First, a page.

Great leaders move us. They ignite our passion and inspire the best in us. When we try to explain why they are so effective, we speak of strategy, vision, or powerful ideas. But the reality is much more primal: Great leadership works through the emotions.
No matter what leaders set out to do—whether it’s creating strategy or mobilizing teams to action—their success depends on how they do it. Even if they get everything else just right, if leaders fail in this primal task of driving emotions in the right direction, nothing they do will work as well as it could or should.
Two Different Emotional Responses
Consider, for example, a pivotal moment in a news division at the BBC, the British media giant. The division had been set up as an experiment, and while its 200 or so journalists and editors felt they had given their best, management had decided the division would have to close. It didn’t help that the executive sent to deliver the decision to the assembled staff started off with a glowing account of how well rival operations were doing, and that he had just returned from a wonderful trip to Cannes.
The news itself was bad enough, but the brusque, even contentious manner of the executive incited something beyond the expected frustration. People became enraged—not just at the management decision, but also at the bearer of the news himself. The atmosphere became so threatening, in fact, that it looked as though the executive might have to call security to usher him safely from the room.
The next day, another executive visited the same staff. He took a very different approach. He spoke from his heart about the crucial importance of journalism to the vibrancy of a society, and of the calling that had drawn them all to the field in the first place. He reminded them that no one goes into journalism to get rich—as a profession its finances have always been marginal, with job security ebbing and flowing with larger economic tides. And he invoked the passion, even the dedication, the journalists had for the service they offered. Finally, he wished them all well in getting on with their careers. When this leader finished speaking, the staff cheered.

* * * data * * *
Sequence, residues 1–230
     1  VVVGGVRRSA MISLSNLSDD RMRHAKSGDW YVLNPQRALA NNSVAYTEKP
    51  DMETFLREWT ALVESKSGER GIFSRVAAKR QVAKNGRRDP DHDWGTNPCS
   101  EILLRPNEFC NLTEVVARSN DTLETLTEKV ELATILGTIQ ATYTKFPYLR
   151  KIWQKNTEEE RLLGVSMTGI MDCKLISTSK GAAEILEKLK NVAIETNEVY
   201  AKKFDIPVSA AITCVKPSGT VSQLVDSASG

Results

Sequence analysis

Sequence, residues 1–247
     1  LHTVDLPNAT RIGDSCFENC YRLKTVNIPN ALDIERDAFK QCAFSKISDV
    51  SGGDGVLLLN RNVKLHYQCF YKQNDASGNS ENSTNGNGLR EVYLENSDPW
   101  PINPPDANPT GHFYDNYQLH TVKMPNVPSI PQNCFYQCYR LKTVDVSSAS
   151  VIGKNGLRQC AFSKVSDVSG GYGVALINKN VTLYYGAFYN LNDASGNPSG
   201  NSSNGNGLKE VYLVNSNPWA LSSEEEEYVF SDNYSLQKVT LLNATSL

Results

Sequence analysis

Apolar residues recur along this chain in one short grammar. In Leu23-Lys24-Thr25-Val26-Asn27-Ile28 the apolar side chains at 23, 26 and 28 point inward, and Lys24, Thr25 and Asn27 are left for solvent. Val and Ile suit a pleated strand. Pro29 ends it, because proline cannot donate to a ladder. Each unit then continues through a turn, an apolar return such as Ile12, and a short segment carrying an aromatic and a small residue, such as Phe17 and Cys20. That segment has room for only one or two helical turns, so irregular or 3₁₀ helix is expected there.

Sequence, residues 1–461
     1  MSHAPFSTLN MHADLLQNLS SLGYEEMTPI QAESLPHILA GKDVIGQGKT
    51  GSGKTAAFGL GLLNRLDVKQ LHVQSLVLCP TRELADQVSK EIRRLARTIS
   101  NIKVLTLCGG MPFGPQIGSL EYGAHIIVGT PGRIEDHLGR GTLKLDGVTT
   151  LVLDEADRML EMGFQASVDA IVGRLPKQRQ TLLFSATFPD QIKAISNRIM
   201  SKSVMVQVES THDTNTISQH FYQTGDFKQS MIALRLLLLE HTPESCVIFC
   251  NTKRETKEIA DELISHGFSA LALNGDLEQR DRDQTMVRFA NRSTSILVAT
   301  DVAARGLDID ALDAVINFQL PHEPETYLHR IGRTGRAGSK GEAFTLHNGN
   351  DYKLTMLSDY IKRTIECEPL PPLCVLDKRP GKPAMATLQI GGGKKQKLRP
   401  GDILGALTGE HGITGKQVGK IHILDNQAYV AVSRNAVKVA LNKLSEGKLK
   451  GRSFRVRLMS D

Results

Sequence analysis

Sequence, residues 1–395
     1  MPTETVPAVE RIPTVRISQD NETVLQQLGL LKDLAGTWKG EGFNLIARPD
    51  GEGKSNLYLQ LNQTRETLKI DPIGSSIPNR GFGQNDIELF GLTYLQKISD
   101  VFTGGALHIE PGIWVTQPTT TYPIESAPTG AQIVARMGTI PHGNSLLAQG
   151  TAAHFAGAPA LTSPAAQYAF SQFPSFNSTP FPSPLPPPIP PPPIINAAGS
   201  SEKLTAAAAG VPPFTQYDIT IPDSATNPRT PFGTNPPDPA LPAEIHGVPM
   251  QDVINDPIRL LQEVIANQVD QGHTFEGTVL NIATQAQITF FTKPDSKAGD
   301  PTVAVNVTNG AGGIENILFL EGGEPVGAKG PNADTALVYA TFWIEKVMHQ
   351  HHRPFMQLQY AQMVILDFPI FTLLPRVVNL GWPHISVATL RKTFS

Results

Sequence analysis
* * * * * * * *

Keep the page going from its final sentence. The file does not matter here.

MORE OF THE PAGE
The difference between the leaders lay in the mood and tone with which they delivered their messages: One drove the group toward antagonism and hostility, the other toward optimism, even inspiration, in the face of difficulty. These two moments point to a hidden, but crucial, dimension in leadership—the emotional impact of what a leader says and does.
Mood Versus Emotion
While most people recognize that a leader’s mood—and how he or she impacts the mood of others—plays a significant role in any organization, emotions are often seen as too personal or unquantifiable to talk about in a meaningful way. But research in the field of emotion has yielded keen insights into not only how to measure the impact of a leader’s emotions but also how the best leaders have found effective ways to understand and improve the way they handle their own and other people’s emotions. Understanding the powerful role of emotions in the workplace sets the best leaders apart from the rest—not just in tangibles such as better business results and the retention of talent, but also in the all-important intangibles, such as higher morale, motivation, and commitment. This emotional task of the leader is primary—that is, first—in two senses: It is both the original and the most important act of leadership.
Leaders have always played a primordial emotional role. No doubt humankind’s original leaders—whether tribal chieftains or shamanesses—earned their place in large part because their leadership was emotionally compelling.
Throughout history and in cultures everywhere, the leader in any human group has been the one to whom others look for assurance and clarity when facing uncertainty or threat, or when there’s a job to be done. The leader acts as the group’s emotional guide.
Excerpted from Primal Leadership, Harvard Business Review Press, 2013.
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